Airbnb Provides Vital Revenue to the City But Presents Regulatory and Neighborhood Challenges

The city council tonight will look at short-term residential rentals.  According to the staff report, Airbnb provides around $180,000 per year in the form of TOT (transient occupancy tax).

Staff points out that while this is by far the largest provider of short-term rentals for the city, it is no the only one.  Moreover, “The City currently does not have agreements with other providers to enable

collection of transient occupancy tax, although staff is working to obtain them.”

Council is being asked to receive an update on short-term rentals and then potentially direct staff to suggest municipal code changes that would allow them to regulate and capitalized on short-term rentals.

While the city has authorized the building and completion of two new hotels as well as an expansion of a third one, the market is starting to shift.

Staff writes: “The sharing economy has capitalized on a market for short-term residential rentals, traditionally filled by hotels, motels and bed & breakfast accommodations. For the past several years, platforms like Airbnb, VRBO, HomeAway and others have captured overnight stays for visitors to Davis.”

The platform allows for a variety of different platforms and amenities for visitors.

“Visitors book online, just as they would a more traditional hotel. Short-term rentals have proven to be a popular option amongst consumers,” staff writes.  “A short-term rental is generally considered to be a stay of less than 30 days. The distinguishing factor between sharing platforms and a traditional online travel company like Orbitz is that individuals voluntarily list their personal homes, rentals, and rooms on a website like Airbnb – setting their own rental price, house rules, and length of stay.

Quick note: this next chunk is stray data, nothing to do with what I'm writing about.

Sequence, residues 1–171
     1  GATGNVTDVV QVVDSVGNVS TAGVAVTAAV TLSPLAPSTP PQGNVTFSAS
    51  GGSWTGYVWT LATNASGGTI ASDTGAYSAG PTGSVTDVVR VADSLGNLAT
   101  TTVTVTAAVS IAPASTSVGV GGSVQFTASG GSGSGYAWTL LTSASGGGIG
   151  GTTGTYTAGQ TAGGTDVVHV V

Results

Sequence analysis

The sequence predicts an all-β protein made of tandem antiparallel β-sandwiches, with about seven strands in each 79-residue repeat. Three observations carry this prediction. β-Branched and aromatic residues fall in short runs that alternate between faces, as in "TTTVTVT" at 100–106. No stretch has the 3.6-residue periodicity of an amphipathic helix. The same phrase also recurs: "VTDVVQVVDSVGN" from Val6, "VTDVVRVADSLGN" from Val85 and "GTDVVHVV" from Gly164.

“In this way, Airbnb and similar companies provide an online platform for individuals to act as temporary hotels or landlords while oftentimes escaping the traditional local regulation of hotels, motels and other more traditional short-term rental businesses.”

As far back as 2015, the council discussed short-term rentals.  At that time, they decided not to require additional regulation in hopes of encouraging the new economy.

In 2017, staff recommended that the city manager enter into an agreement with Airbnb to require them to collect TOT on short-term rentals.

Staff notes: “City code already allowed for this, but the agreement was needed to require Airbnb to collect the TOT. TOT is currently 12% the cost of a room night and is a general fund revenue. Current TOT proceeds from Airbnb, which accounts for the majority of short-term rental business in Davis, was over $185,000 in calendar year 2019.”